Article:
“Thank gods,” Sabin muttered. “Gwen almost had my balls for breakfast when she heard I’d let you leave the fortress this morning.”

Gwen blushed. “Sabin! Now isn’t the time to spill our bedroom secrets.”

Bianka chuckled behind her hand. “I don’t think that’s what he meant, Gwennie-bo-Bennie.”

As she spoke, Lysander inserted himself between her and the two demon-possessed immortals. He might have agreed to a truce with the Lords of the Underworld, but that didn’t mean he liked them. And as he’d cut off their good buddy Aeron’s head, the Lords weren’t his biggest fans, either, and he clearly didn’t want them taking out their dislike on Bianka. As if they would. Demon-possessed or not, the warriors treated the Skyhawk girls like family. Irritating cousins who’d overstayed their welcome, but family nonetheless.

Another round of gasps suddenly echoed. The men had finally been noticed, really noticed as more than blood donors and carnival ponies, and murmurs of “angel” and “lords” arose. The first was filled with amusement, as Kaia had feared, the second with jealousy.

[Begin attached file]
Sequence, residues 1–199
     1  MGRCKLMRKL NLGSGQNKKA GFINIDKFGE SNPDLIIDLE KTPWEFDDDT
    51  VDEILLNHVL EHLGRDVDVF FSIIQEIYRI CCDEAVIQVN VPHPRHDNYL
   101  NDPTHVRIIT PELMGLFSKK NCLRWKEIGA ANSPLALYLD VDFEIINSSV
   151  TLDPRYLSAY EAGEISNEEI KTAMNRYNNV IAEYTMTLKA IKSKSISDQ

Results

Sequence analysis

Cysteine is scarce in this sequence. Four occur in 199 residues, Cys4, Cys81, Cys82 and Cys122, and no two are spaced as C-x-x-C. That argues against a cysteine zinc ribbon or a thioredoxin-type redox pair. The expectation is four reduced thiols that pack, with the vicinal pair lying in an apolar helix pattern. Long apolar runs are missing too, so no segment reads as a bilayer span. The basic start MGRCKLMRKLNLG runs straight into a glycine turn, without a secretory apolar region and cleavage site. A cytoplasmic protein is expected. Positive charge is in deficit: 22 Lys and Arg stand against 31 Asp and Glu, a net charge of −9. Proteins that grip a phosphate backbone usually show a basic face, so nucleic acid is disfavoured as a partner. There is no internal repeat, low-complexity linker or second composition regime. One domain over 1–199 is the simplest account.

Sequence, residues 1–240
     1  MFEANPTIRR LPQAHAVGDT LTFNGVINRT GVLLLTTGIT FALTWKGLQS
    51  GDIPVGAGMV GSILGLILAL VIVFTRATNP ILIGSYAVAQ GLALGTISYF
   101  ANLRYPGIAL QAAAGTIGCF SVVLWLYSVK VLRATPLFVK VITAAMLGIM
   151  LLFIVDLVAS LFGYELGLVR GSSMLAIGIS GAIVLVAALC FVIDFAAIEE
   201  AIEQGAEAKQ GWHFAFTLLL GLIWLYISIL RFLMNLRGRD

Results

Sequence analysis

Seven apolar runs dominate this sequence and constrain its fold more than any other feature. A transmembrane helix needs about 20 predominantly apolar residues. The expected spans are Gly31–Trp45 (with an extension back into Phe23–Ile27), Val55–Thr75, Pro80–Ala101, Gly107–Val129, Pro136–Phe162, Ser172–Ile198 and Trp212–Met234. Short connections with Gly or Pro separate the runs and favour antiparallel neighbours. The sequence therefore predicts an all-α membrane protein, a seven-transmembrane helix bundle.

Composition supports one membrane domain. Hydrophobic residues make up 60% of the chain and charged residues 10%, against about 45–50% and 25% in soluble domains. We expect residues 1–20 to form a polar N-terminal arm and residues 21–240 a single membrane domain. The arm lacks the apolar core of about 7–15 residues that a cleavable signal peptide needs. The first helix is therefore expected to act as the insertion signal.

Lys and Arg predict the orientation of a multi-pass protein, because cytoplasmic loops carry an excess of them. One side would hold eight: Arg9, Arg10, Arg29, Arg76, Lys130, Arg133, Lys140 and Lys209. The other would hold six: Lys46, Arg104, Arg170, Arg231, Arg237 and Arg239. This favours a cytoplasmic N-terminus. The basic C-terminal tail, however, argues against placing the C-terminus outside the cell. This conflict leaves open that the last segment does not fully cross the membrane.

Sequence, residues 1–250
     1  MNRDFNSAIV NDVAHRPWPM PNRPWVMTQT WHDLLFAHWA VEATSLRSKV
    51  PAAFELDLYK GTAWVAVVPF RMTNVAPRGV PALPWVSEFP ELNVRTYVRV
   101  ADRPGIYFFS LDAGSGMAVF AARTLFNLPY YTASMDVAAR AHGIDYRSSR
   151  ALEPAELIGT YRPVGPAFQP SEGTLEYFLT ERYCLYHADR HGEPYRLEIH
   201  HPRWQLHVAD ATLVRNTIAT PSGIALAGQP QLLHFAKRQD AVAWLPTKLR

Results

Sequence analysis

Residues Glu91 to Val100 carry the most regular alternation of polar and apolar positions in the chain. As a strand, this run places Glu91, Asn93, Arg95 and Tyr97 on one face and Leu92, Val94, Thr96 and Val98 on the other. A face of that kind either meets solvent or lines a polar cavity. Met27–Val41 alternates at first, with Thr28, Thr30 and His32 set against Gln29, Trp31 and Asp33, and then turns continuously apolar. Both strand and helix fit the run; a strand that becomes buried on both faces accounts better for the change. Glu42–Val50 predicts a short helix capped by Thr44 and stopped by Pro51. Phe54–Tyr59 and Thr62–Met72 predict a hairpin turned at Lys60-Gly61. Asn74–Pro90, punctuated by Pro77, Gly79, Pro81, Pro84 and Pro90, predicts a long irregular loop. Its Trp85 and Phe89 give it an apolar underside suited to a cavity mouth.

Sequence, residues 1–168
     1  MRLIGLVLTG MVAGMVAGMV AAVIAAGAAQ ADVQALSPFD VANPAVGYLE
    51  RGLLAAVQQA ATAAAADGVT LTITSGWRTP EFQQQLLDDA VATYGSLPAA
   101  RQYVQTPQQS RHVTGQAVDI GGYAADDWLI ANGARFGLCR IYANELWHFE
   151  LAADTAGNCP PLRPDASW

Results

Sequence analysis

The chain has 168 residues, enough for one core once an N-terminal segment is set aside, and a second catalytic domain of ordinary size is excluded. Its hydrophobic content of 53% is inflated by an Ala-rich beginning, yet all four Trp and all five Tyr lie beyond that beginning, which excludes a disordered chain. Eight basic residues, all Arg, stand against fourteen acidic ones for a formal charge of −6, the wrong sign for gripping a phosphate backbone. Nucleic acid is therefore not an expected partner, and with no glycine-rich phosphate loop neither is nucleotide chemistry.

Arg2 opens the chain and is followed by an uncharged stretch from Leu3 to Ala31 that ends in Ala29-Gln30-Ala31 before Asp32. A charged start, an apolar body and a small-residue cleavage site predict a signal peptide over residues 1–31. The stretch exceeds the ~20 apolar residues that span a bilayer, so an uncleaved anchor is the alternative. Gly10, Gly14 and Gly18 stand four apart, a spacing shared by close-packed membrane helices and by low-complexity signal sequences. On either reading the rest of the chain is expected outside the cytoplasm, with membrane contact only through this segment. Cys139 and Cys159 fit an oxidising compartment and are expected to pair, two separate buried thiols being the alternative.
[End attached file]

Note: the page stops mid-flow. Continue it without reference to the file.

Jealousy. For her. She tried not to puff up like a peacock.

She failed.

“What are you doing here?” she repeated in a low whisper. To Strider. Who was here. Here, with her.

“Ask me tomorrow, and I might have thought up an answer,” he replied dryly.

Once again, she found her heart swelling. Not with love, not this time, but with equal measures of lust, joy and relief. He was sexier than ever in a bloodstained white T-shirt and ripped-up jeans. Dirt streaked his fallen angel face and his blond hair was plastered to his scalp and dripping with sweat.

“I would have been here sooner,” he added, “but my final perimeter check at the fortress proved fruitful.”


“Yeah. Bastards. Always trying something sneaky.”

“You killed them all?”

His blue eyes glittered, revealing hints of the victorious demon inside him. “Every last one.”